Fiesty Little Kian
You smile like the rising sun
Your cute little nose
Wiggles in your sleep
We’ll sing a sweet song
A melody pure and true
Singing: this is our message to you
Martynus and his wife chose “Three Little Birds” because, in what might be seen as foreshadowing, lyrics from the song hang in the couple’s bedroom.
“In the beginning, they had some music prerecorded when the kids would suck, but they gave us the option to record the song ourselves,” Martynus said.
When the triplets would successfully suck hard enough and long enough on their individual pacifiers, the PAL would begin playing the song at a level that’s appropriate for neonates, around 60 decibels.
Martynus says his babies took to the PAL right away — and certainly benefited from it.
The trio went home after 52 days in the NICU.
The suck-swallow-breathe reflex that’s vital for infants requires a great deal of training and development in neonates.
The PAL is one of many devices that have been studied to see if it might help premature infants develop this reflex more quickly.
Indeed, Bollard told Healthline that previous PAL research shows the device can help babies learn to feed faster. That translates to shorter hospital stays.
In her own research, Bollard said she’s found that “70 percent demonstrated an increased average number of coordinated sucks within five minutes of the PAL session when the lullaby was used.”
These are encouraging numbers, Bollard says, considering the population she and her team often work with.
“We work on a level with really critical care,” she said. “Some babies are just 21 to 23 weeks gestation. We wanted to see if this additional intervention to our routine care could work for this population.”
The role of the parents is equally important to the use of the PAL system, Bollard says.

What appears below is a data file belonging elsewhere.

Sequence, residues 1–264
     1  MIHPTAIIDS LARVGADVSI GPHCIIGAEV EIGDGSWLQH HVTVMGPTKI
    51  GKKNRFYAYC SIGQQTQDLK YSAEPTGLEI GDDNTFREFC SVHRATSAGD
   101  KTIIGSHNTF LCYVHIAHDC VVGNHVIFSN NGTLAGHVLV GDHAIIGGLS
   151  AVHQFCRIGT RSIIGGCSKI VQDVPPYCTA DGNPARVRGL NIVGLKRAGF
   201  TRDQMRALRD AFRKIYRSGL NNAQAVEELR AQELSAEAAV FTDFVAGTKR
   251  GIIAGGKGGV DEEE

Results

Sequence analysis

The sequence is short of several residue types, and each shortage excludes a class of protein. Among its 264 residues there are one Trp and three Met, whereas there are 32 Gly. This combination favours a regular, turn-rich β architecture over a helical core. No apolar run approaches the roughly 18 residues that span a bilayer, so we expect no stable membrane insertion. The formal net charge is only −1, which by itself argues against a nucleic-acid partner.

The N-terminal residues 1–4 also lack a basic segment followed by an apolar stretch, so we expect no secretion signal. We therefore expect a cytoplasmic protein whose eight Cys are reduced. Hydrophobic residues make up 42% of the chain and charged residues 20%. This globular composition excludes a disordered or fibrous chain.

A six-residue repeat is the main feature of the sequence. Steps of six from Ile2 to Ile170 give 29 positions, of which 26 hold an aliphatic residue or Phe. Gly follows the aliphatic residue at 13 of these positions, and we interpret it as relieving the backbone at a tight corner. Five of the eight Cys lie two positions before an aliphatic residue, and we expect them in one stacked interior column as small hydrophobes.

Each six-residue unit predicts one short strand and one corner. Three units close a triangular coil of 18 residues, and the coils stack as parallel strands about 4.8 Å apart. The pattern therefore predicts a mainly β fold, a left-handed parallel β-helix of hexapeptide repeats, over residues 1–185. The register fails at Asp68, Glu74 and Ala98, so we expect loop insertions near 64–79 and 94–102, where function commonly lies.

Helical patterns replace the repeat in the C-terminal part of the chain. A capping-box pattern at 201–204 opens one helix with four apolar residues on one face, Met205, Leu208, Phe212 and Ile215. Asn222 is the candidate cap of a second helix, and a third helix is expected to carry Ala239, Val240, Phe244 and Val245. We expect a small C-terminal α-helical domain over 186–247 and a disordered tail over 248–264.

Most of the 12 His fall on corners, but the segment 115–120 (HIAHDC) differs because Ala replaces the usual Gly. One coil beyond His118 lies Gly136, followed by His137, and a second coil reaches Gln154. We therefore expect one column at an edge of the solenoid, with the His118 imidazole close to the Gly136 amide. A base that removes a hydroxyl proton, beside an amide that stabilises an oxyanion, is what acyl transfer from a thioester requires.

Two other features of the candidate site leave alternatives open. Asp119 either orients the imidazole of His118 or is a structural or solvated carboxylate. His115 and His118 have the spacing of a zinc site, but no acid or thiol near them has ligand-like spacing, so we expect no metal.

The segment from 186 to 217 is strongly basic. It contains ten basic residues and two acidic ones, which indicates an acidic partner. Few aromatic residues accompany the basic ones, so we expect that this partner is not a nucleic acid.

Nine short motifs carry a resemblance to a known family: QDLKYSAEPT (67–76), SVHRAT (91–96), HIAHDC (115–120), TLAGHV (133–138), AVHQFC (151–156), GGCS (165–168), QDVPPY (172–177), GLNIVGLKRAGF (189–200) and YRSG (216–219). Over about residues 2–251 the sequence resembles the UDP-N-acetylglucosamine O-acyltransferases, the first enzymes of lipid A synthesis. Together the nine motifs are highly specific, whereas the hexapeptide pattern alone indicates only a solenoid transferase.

Another previous study found that mothers who sing to their babies during skin-to-skin contact experience less anxiety, while the babies’ heart rates also become more stable.
While not all neonates can be held immediately after birth, the PAL system offers an opportunity for the parents to be involved and close to their child, even when they can’t be in the NICU.
“This process greatly decreases stress and decreases feelings of hopelessness,” said Bollard, whose position is supported by the Peterson Family Foundation and whose research is funded by the Music Man Foundation. “More is coming out about how the mental health of caregivers and their anxiety state correlates directly to the health outcome of the infants.”
The PAL system, Bollard says, is actually a great way for parents to become part of the care for their infants.
“There’s a psychosocial component to writing the song,” Bollard said. “Over weeks or multiple sessions, we’re building report and helping the caregivers process this journey. The songwriting process helps them share wishes they have for their baby, process their birth story and emotions, and express whatever they would like to express.”
Before you rush out to buy one of these devices, it’s important to know they’re currently used in hospitals and not available to consumers.
“Technically, as soon as they’re taking full oral feedings, you could stop,” Bollard said.
She points out that the PAL has other benefits besides encouraging feeding, including soothing babies.
Likewise, parents shouldn’t try to use this device without the aid of a trained therapist. The PAL devices are programed to specific decibel levels and shouldn’t be used for extended periods of time.
“There’s a fine line and balance between using it and encouraging the behavior and tiring them out,” she said.
The PAL device is meant to be an aid to help an infant reach an important milestone in their development, one they should hit before they leave the hospital. If your child doesn’t seem to be sucking or feeding properly, talk with their doctor before trying any intervention on your own.